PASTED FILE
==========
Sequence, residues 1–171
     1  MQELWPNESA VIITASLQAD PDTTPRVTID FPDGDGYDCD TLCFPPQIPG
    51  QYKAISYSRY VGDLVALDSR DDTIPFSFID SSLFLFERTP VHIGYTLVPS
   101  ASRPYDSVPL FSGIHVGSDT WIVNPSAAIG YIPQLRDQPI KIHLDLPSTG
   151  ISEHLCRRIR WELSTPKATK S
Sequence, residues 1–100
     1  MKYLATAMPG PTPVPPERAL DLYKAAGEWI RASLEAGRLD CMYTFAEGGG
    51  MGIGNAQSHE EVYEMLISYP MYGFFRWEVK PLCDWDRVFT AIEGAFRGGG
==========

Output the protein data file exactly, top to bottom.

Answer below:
Sequence, residues 1–171
     1  MQELWPNESA VIITASLQAD PDTTPRVTID FPDGDGYDCD TLCFPPQIPG
    51  QYKAISYSRY VGDLVALDSR DDTIPFSFID SSLFLFERTP VHIGYTLVPS
   101  ASRPYDSVPL FSGIHVGSDT WIVNPSAAIG YIPQLRDQPI KIHLDLPSTG
   151  ISEHLCRRIR WELSTPKATK S
Sequence, residues 1–100
     1  MKYLATAMPG PTPVPPERAL DLYKAAGEWI RASLEAGRLD CMYTFAEGGG
    51  MGIGNAQSHE EVYEMLISYP MYGFFRWEVK PLCDWDRVFT AIEGAFRGGG